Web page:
The Gutenberg Diagram in Web Design
The Gutenberg Rule is used to show a user behavior known as reading gravity, the western habit of reading left-to-right, top-to-bottom.
It is represented by dividing the visible content area in 4 quadrants:
- A Primary optical area;
- Strong fallow area;
- Weak fallow area;
- Terminal area;
Primary Optical Area
The higher left portion of the page is the user primary focus, it’s where the eyes will automatically focus regardless if the user is searching for something, wanting to read or just doing a quick scan on the page.
Strong Fallow Area
The second stage of the reading habit is moving to the higher right portion of the page, you can think of it as a follow up from the left portion but less important. It’s not a good idea to break the reader’s experience created from the starting point. Meaning that if you have a call to action the user will stop at this point and act.
Weak Fallow Area
The lower left portion is the blind portion of the Gutenberg Diagram, although readable the user will not give much importance to content in this area of the page.
When the user reaches the lower right portion of the page there is a break in the reading or “page scan” process and the user will need to take an action. This is the perfect spot to insert call-to-action such as buttons, links, forms, video, etc.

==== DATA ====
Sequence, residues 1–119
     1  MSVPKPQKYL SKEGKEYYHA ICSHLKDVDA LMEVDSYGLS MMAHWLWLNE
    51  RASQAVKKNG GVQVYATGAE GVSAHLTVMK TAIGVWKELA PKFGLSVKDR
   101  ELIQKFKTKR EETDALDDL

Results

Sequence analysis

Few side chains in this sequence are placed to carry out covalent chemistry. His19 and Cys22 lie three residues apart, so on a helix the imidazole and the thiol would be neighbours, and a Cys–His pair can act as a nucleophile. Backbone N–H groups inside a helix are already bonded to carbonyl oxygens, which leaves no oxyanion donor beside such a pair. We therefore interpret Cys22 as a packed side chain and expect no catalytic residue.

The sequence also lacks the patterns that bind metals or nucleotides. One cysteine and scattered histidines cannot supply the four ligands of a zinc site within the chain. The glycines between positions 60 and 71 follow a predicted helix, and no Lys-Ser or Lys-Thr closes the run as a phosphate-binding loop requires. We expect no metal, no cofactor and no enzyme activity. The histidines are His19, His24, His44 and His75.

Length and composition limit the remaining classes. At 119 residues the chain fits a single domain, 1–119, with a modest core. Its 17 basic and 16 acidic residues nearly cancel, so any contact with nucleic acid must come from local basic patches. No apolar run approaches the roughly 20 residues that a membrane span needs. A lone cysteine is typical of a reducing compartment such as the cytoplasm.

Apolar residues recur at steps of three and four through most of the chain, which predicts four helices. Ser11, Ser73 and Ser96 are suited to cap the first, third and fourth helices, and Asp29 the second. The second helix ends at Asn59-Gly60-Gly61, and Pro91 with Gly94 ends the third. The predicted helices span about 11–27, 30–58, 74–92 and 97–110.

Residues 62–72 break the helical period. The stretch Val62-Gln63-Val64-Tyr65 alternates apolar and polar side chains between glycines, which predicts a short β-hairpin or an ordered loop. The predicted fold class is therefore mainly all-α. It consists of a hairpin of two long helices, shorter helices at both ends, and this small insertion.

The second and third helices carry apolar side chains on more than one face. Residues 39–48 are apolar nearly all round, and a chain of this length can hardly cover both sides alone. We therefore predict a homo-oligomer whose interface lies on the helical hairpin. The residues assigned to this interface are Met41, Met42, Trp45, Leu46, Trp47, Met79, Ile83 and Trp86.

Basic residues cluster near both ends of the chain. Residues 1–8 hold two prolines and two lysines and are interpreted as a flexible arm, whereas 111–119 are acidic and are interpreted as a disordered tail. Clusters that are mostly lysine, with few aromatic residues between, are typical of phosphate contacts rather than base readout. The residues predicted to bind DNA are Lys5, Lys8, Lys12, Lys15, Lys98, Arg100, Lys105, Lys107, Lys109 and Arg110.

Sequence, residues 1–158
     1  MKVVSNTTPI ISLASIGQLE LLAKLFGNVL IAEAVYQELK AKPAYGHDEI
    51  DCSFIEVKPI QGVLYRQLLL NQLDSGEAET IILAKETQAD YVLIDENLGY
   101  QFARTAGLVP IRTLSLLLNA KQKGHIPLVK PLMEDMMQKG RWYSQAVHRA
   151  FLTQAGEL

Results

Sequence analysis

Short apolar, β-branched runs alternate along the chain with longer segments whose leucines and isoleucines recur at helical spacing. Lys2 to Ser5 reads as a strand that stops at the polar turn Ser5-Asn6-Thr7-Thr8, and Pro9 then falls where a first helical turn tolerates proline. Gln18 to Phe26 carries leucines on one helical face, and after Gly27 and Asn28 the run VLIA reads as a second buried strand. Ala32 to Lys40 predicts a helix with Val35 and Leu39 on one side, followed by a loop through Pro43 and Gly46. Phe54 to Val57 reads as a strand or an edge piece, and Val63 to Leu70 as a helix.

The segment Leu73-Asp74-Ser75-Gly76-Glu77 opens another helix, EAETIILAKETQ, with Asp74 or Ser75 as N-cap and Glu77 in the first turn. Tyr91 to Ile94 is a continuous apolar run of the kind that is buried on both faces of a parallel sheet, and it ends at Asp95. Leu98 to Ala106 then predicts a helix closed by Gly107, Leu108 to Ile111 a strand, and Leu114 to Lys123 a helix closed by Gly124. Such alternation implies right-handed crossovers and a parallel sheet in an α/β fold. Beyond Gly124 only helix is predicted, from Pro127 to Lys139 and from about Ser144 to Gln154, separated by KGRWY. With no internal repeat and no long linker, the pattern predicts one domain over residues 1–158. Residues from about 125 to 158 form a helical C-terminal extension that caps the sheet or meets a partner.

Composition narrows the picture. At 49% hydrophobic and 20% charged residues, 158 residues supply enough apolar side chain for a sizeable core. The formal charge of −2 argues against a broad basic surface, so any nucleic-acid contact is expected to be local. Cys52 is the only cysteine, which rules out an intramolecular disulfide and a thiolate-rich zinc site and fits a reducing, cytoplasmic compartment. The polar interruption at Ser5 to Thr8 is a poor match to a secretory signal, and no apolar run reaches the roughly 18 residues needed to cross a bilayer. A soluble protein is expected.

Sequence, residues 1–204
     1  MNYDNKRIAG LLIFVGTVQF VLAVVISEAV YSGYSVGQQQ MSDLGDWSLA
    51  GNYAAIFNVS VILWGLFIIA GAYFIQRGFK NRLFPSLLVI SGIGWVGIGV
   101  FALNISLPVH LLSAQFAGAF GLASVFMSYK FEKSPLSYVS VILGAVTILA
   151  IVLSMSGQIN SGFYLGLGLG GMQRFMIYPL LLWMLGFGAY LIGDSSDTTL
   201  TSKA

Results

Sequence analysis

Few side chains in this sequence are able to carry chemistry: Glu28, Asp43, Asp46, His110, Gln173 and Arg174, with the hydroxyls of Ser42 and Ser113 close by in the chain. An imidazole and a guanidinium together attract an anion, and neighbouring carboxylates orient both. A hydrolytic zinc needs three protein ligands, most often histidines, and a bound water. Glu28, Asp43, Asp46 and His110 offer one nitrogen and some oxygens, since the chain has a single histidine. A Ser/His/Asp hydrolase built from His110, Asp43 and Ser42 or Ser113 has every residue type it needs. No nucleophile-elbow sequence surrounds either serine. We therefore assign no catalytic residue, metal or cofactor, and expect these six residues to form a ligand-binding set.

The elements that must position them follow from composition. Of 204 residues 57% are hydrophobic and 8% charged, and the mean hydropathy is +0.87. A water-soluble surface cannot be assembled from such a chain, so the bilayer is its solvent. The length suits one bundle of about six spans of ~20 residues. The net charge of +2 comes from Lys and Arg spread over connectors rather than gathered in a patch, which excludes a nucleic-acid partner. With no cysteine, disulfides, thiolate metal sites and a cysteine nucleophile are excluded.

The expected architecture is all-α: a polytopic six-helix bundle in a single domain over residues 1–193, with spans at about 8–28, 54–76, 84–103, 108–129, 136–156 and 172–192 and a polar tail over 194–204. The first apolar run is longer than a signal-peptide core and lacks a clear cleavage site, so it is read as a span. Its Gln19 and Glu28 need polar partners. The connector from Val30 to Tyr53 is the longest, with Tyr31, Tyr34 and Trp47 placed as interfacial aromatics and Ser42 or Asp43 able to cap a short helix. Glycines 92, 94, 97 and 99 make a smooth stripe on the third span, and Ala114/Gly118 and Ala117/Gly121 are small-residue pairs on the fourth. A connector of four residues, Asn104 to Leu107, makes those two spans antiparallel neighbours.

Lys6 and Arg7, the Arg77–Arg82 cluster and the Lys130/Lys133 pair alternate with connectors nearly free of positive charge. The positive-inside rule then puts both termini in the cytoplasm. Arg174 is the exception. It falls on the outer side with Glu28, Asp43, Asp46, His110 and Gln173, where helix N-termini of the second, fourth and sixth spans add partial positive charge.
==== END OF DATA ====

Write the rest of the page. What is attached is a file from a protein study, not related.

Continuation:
By understanding the reading patterns of the users who visit your website you are able to place the most important content in the areas where they will be most effective.
If you research papers on user reading behavior you’ll find an interesting case study lead by Jacob Nielsen called F-Shaped Pattern.
This study states the lower right area of a page as the least important area.
Although I wouldn't say Jacob Nielsen statement is incorrect, but it shows a user behavior that can be applied when the user has no genuine interest on the page content thus shifting from the reality where a user is genuinely reading and understanding the page content.
The Gutenberg Diagram is applied to users with a genuine interest on the page content.
Let’s say the user is searching for information about the Gutenberg Diagram and finds this article.
The typical pattern will be the user looking at the diagram image and after reading the lines above it, starting an inverted Gutenberg Diagram. If a user is looking for products on E-bay the primary pattern, on the product listing pages, will be a typical Gutenberg Diagram.
But if the user is trying to gather information and a search engine shows multiple articles, the user will apply the F-shaped pattern when visiting those pages trying to find quick and concrete references to it’s search.